For research papers of course.
This year I have to write one on “education in the 1930’s.” So I’ve been reading articles. There was one I found worth sharing by Gale.
Here’s a section in it:
Educational Progressives Versus Educational Conservatives
Progressives, organized and becoming a force by 1919, were interested in creating a better society through child center education. Teaching by rote memorization was out of favor. Progressives believed that allowing a child to be creative would better prepare him or her to solve problems and meet challenges as an adult. In progressive education the teacher was conceived as a friendly guide. Progressive ideas translated in the 1920s into hands-on learning in science laboratories, art studios, gymnasiums, projects of all varieties, and vocational classes such as electric shops and mechanical repair shops.
Social reconstructionists, considered more radical than progressives, called for indoctrination of students toward establishing a new social order. Social reconstructionists were deeply disturbed over the capitalist profit motives that they believed had led to the misery of the Great Depression. George Counts challenged his fellow educators in 1932 to take up the banner of social reconstructionism. They believed the educator could identify the prevailing social ills and deliberately use the schools to correct them. Many progressives actually opposed social reconstructionists, calling the reconstructionists “romantics” that would not be successful in taking the United States to a new social order. Although many bewildered educators were listening, these ideas made them nervous as conservative school boards controlled their jobs.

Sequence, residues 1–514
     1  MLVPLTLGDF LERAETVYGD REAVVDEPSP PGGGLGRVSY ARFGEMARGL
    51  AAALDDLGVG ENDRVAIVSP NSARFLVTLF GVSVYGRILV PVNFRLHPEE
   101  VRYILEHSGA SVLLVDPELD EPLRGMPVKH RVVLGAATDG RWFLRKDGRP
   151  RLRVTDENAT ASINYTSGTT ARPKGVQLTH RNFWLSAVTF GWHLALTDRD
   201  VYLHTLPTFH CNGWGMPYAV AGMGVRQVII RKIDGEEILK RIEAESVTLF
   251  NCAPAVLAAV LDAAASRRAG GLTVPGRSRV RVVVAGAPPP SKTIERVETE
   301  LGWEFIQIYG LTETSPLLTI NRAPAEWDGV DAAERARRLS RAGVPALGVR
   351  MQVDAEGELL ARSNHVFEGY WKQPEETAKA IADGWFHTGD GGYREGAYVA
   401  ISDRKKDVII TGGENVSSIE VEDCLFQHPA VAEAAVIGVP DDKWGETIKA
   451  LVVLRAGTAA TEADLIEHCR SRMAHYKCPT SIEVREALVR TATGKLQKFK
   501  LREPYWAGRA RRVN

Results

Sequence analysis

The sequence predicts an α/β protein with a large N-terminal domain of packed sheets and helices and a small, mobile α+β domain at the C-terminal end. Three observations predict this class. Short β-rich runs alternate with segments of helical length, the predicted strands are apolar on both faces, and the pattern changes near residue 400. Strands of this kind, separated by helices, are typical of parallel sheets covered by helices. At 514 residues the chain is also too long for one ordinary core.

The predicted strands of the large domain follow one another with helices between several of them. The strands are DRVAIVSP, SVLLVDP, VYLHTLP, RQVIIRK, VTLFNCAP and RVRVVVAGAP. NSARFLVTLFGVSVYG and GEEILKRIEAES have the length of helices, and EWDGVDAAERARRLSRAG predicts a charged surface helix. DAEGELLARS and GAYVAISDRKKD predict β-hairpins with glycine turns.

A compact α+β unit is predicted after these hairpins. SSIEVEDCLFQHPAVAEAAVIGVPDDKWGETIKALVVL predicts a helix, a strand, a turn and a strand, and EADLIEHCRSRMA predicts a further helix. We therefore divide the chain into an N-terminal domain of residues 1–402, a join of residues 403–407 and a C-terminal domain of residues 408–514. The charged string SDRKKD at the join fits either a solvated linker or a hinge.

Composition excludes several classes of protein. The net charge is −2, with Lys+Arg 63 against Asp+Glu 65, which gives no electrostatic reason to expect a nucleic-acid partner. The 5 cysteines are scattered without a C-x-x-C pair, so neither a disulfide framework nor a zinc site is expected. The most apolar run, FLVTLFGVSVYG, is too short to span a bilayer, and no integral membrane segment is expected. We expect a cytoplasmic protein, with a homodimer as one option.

Educational conservatives had long been opposed to progressives and were even more opposed to social reconstructionism. They insisted classical curriculum such as Latin in high schools and colleges developed mental discipline and the ability to conquer difficult subjects. They had no use for spending time and money educating the general public. Educational conservatives viewed school as another stage for competition where the most gifted win.
By the end of the decade, social reconstructionism faded. Its goal seemed unrealistic to educators and dangerous to many conservatives. The threat of war shifted the focus of educators. The ideas of progressivism endured and were put into practice when vocational education became an outright necessity to prepare individuals for jobs in the defense industries. Most likely the only lasting legacy of the more radical social reconstructionism was that it supplied conservatives with ammunition to claim that schools were a base of communistic subversion—a criticism that would be wildly pursued in the post World War II hysteria over communism.
I was hoping that the article would be at least somewhat balanced, but that was not the case at all. The conservatives were portrayed as harsh and critical, people who didn’t want others to get an education, while the progressives were heros, and for the common man. That is totally wrong. I probably will use this article to compare the opposing views, but it truly disappointed me.
I did, however, find a good book from a conservative’s point of view.
I can’t lie, I’m pretty excited about this paper because of the topic I got.